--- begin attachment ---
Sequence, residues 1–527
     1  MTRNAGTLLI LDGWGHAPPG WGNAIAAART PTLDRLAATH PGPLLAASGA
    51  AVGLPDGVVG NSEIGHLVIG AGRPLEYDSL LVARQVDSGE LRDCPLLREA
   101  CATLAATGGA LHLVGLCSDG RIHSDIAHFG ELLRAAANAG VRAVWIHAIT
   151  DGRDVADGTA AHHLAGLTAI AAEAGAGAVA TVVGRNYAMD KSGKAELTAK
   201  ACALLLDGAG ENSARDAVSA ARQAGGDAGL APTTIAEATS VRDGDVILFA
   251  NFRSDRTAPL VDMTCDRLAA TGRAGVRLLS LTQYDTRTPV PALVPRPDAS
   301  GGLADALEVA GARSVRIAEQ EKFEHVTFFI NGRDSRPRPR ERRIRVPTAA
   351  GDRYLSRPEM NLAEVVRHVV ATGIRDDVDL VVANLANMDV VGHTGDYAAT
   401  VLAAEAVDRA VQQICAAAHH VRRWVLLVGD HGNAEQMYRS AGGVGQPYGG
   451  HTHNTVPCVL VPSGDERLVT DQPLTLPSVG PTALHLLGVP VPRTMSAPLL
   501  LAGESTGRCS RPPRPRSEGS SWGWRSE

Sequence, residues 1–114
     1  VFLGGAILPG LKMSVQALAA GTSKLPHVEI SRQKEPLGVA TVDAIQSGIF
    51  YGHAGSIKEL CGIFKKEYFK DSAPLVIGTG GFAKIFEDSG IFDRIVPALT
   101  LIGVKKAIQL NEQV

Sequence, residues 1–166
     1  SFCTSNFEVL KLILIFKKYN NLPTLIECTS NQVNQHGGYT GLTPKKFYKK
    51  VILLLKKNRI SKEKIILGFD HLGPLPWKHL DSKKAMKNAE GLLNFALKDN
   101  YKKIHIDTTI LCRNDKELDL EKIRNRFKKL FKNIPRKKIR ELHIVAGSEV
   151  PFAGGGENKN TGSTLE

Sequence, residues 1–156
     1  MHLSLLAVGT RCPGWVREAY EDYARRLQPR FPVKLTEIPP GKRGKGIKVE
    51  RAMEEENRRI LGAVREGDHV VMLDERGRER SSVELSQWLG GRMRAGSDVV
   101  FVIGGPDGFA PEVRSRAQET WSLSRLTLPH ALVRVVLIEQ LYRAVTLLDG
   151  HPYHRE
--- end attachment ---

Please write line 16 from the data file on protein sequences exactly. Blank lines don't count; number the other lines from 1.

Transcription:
   101  LIGVKKAIQL NEQV